Paul Flynn, MP for Newport West, on the history of the anti-nuclear movement in Wales and whether nuclear energy still has a part to play in today's world.

 

Finland, the new Chernobyl?

 

Being anti-nuclear in the seventies was regarded as an eccentricity. 

In January 1979, the late Jon Vaughan Jones and I were only two of the 70 members of Gwent County Council to oppose a planned new nuclear power station at Portskewett near Chepstow.

We had a hard time from fellow Labour councillors especially the group leader Graham Powell. He represented neighbouring Caldicot. He told  us that we were committing political suicide by opposing thousands of new jobs to unemployment-hit Gwent. 

When the full Council came to vote on the planning application in in May 1979, not one councillor spoke in favour. It was not the persuasive oratory of Jon, impressive as that was, that changed minds. It was the accident at Three Mile Island that destroyed public and councillor trust. The CEGB threatened legal action against the County Council. It never happened. Nor did the power station.

This morning in the plush Park Inn Cardiff, the Nuclear Free Authorities and the Welsh Anti Nuclear Alliance (WANA) held a seminar on Wales' nuclear future. Two of the founder members of WANA were there. Hugh Richards of Llandrindod Welles has kept the flame of anti-nuclear campaigning burning since the first meeting in Aberystwyth in April 1980. The plan was to persuade all eight Welsh counties to declare themselves 'nuclear free'. They did. We claimed that the Welsh nation had spoken.

The bright people of WANA won over Welsh opinion with the help of the fear of a new nuclear accident. WANA was also one of the few protest movements that made money with marketing of 'Nuclear Power - no thanks' badges and stickers.   Prime Minister Thatcher was not impressed. She planned ten new nuclear power stations. In 1986 Chernobyl destroyed nuclear's credibility for a generation.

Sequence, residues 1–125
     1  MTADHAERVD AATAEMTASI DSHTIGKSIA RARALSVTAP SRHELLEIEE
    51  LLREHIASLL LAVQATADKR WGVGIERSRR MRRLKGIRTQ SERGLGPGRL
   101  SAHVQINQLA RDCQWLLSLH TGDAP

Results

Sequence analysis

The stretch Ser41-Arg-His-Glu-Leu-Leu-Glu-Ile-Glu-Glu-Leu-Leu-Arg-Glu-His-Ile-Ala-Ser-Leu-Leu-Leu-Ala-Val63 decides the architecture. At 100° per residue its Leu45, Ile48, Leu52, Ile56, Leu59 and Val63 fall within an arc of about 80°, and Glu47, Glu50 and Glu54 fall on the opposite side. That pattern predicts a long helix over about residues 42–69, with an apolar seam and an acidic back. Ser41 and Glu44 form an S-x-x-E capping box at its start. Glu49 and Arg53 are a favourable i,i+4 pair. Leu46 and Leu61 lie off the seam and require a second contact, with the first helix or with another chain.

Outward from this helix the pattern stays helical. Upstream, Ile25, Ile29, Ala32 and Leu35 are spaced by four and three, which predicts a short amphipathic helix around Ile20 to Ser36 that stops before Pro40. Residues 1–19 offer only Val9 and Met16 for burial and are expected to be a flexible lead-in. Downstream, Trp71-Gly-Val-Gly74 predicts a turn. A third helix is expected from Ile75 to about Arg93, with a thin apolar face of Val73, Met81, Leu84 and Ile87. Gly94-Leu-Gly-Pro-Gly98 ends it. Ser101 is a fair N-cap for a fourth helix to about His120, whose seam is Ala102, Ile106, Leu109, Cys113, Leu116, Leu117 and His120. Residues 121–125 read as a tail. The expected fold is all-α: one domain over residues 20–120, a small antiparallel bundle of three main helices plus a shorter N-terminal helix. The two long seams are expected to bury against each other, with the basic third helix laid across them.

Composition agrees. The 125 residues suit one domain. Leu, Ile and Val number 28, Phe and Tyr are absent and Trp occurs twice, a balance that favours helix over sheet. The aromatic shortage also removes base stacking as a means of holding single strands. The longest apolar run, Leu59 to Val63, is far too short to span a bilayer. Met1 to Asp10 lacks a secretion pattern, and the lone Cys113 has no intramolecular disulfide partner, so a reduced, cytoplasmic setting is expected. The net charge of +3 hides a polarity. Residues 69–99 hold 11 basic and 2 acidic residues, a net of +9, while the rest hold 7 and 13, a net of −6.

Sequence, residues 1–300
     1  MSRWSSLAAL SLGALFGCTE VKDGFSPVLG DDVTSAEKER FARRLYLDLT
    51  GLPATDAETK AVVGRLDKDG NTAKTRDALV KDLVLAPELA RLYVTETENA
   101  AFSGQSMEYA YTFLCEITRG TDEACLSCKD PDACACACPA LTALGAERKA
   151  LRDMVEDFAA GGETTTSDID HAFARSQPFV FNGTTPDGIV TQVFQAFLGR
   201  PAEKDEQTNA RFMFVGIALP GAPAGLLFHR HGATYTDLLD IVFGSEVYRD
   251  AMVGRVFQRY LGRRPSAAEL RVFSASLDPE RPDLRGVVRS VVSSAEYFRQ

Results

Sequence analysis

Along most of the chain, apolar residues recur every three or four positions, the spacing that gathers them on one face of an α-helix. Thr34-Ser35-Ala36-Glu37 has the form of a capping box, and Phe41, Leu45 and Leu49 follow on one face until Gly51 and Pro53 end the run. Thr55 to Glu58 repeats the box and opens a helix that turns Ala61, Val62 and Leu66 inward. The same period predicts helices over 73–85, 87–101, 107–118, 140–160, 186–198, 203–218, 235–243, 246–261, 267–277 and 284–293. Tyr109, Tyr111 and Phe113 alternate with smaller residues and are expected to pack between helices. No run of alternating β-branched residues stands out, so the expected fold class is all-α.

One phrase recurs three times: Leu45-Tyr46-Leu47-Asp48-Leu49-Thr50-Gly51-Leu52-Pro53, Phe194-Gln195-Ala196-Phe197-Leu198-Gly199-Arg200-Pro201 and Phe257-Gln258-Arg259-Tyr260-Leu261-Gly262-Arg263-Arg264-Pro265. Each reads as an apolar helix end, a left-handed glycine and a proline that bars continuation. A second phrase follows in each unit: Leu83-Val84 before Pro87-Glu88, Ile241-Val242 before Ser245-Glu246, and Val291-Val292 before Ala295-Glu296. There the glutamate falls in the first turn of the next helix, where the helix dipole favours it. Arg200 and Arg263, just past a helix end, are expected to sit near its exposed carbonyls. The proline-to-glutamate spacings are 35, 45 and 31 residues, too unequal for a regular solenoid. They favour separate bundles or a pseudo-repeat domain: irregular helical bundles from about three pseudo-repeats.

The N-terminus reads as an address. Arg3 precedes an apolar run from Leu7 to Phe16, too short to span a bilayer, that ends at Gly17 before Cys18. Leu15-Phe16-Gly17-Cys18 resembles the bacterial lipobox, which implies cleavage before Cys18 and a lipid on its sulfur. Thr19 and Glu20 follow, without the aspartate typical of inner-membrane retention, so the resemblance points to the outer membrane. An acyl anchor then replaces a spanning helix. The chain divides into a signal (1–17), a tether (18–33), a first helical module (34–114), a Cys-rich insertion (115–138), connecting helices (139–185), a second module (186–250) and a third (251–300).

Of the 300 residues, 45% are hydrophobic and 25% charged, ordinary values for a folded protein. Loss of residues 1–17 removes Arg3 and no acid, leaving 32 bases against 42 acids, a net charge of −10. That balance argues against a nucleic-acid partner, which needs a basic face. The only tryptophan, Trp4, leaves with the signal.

Now it's back. For how long. Another nuclear accident is not likely- but possible in some of the ageing Soviet reactors.  Safety is much better. But New Nuclear is likely to be derailed by New Nuclear. No nuclear power station in the world has been completed on time or on budget. The world's only New Nuclear station in Finland is as financially disastrous as Old Nuclear.

This time last year the Finnish station was 3 years late and £2 billion over budget. Then things deteriorate.

 

Squabbling broke out between the Finns and the French-German contractors. The story reads like an episode of Desperate Housewives. A recalculation was made of the likely future profitability. in spite of the sumptuous hopes of a few years ago, the expectation of profits has been cut by a massive 97%.

 

Very little of the calamity has been reported outside of the technical press. The truth will out. The evidence of the economic futility of New Nuclear will be exposed. The rush to nuclear will halt. The economics of the Finnish foul-up could provide a brake as effective as Three Mile Island and Chernobyl.

 

Paul Flynn was elected to the House of Commons  in 1987. He has remained the Labour MP for Newport West ever since. He joined the front bench under Neil Kinnock in 1988 when he became a spokesman on health and social security. He resigned from the front bench in 1990 and has remained on the back benches since. He joined the transport select committee in 1990 until after the 1997 General Election when he joined the Welsh affairs select committee for a year. He was a member of the environment audit select committee from 2003 until the 2005 General Election, since when he has been a member of the Public Administration select committee. 

 

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